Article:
Speaking at HP's analyst conference in San Francisco yesterday, Fiorina warned the company would still face difficult markets in 2003.
Despite the better-than-expected cost reductions, Fiorina refused to raise estimates of next year's turnover and profits. "We are not going to raise guidance because the economy continues to be uncertain, and we want to make sure we are not getting ahead of ourselves," she said.
HP expected to post revenue of close to $18.4bn for its first quarter of 2003, with growth for the full year expected at 2% to 4%.
The company has shown improved performance in its print and imaging businesses following the Compaq acquisition, helping it to offset losses in its PC and server businesses. It expected to bring its computer hardware operations back to profitability next year.
To help meet its goals, HP has moved two former Compaq executives into senior positions.
HP hopes to squeeze more revenue out of its Enterprise Systems Group, although it probably would not meet an earlier projection of 4% to 6% growth for the year for that division, Fiorina said. However, she pledged that the group, which sells servers, storage equipment and software, will be profitable by next year.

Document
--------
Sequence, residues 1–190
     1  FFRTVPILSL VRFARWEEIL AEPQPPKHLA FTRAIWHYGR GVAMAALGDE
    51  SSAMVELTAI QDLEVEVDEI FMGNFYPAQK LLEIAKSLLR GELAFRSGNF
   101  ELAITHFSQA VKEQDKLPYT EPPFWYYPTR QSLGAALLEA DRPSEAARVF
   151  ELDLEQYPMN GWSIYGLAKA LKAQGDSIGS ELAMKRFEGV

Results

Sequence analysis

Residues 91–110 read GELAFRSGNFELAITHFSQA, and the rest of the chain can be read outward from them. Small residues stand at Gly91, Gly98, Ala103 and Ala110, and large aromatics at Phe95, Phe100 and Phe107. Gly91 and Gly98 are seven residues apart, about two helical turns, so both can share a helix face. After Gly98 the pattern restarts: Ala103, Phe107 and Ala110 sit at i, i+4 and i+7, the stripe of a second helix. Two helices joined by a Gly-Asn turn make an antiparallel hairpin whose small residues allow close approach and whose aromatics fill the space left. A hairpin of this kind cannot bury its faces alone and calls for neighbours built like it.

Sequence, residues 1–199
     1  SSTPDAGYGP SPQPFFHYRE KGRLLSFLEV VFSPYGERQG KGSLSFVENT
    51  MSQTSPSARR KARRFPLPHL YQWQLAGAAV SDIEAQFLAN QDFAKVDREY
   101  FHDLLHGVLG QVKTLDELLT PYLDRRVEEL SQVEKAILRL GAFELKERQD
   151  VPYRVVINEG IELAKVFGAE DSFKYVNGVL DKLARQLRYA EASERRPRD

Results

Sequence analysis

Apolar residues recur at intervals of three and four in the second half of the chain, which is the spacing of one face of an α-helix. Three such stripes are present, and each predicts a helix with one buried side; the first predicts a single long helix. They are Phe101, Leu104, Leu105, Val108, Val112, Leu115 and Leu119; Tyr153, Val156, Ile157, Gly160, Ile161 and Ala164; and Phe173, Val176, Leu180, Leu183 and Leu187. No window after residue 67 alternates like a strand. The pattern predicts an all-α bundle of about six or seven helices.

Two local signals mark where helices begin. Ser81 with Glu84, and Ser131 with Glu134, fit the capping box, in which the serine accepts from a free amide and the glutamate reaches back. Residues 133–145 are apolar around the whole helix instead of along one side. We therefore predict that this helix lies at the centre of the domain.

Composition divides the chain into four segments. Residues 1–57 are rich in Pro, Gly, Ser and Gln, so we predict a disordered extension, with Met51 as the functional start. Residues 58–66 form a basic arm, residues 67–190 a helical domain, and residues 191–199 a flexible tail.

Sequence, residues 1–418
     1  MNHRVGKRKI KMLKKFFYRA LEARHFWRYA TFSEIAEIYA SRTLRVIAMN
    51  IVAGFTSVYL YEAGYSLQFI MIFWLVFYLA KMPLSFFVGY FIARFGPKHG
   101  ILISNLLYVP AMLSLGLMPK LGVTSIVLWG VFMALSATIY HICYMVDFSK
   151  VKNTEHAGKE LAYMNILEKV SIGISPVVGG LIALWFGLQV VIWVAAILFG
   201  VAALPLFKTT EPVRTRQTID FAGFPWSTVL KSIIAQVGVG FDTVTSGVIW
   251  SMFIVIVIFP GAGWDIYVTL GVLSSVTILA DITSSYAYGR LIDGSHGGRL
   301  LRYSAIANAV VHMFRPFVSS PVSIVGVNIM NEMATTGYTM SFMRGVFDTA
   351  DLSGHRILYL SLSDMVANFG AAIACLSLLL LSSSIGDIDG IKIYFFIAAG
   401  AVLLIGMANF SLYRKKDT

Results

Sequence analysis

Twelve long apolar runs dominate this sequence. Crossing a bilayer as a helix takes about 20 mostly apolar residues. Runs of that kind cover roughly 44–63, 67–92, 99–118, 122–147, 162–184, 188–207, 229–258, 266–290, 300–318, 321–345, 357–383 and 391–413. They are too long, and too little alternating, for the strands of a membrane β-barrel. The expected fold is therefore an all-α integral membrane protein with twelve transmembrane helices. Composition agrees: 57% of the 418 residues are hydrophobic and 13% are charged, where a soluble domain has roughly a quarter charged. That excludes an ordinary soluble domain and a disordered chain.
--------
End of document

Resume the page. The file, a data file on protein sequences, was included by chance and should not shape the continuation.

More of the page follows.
HP is locked in a battle with Dell Computer, IBM and Sun Microsystems to capture customers willing to invest in their technology infrastructure. In its most recent quarter, HP lost $152m on its enterprise hardware business.
HP's PC and printing businesses received a boost during the US Thanksgiving holiday at the end of November.
"We needed it to be good," she said. "In both our imaging and printing and PC categories, where we saw the best new growth was in hot new products," she said.
HP expected software purchases to lead the recovery in IT spending followed by storage and Intel-based server sales.